Lesson 3 - Attributes and magic methods in PHP

PHP OOP Attributes and magic methods in PHP

In the previous lesson, First object-oriented application in PHP, we went over how OOP works and created a very rudimentary object-oriented application. Today, we will continue working on the aforementioned application.

Attributes

All our Human class has at the moment is a single method. Let's add some attributes to it! Each human will have a first and last name, and an age. Here's what our class' attributes will look like:

<?php

class Human
{

        public $firstName;
        public $lastName;
        public $age;

        . . .

As you already know, attributes work just like variables, but belong to an object. The "public" keyword before each attribute makes it visible from the outside (as it did with methods).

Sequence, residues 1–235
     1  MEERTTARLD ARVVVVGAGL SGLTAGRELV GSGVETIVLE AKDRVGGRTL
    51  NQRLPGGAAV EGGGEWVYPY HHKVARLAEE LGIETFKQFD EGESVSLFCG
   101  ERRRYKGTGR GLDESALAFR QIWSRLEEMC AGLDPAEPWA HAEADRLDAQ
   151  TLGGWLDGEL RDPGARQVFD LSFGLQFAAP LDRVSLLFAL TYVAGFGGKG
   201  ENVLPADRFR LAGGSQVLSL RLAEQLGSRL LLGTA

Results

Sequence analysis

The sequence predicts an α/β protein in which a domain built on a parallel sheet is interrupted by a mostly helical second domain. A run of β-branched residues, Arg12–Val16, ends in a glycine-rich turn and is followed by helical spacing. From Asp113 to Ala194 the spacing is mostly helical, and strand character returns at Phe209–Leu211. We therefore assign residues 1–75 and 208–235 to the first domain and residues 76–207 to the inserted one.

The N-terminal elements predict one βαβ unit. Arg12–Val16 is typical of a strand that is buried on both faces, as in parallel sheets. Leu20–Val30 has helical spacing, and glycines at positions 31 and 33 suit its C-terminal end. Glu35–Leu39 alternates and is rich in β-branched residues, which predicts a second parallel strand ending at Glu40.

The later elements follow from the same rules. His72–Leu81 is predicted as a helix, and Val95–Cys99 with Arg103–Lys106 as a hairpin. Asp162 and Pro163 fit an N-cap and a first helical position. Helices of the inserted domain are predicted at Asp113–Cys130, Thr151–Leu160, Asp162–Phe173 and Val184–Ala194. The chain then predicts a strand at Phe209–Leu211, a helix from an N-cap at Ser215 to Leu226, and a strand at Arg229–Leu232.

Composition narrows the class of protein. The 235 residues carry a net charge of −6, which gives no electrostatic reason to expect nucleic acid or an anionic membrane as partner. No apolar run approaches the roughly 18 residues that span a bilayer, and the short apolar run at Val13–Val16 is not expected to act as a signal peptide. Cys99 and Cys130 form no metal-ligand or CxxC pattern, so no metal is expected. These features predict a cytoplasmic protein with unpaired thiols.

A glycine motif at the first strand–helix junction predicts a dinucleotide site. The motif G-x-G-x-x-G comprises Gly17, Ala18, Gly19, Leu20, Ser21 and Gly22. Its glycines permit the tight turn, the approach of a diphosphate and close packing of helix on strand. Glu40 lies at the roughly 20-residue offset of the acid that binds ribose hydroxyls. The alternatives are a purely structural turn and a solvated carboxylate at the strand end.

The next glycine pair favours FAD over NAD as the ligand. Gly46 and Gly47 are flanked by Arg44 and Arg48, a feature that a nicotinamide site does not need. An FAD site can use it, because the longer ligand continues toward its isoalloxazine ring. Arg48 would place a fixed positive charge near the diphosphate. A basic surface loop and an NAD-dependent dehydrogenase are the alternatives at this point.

Let's modify our greet() method and make it a bit more interesting. We want instances to say "Hi, I am" and then append the $firstName attribute's value whenever greet() is called. In other words, we're going to access an instance attribute from within the method. Something to think about is, how would we go about accessing an instance from inside a method? A class is NOT an object, it is a pattern used to create objects of a specific data type (in this case humans). The solution is pretty simple, we use the $this keyword from inside the class. This variable contains the instance with which we are currently working. The greet() method should now look like the following:

public function greet()
{
        echo('Hi, my name is ' . $this->firstName);
}

Now let's get back to index.php, where we created an instance last time. Go ahead and set-up the attributes that we just now added to Human class: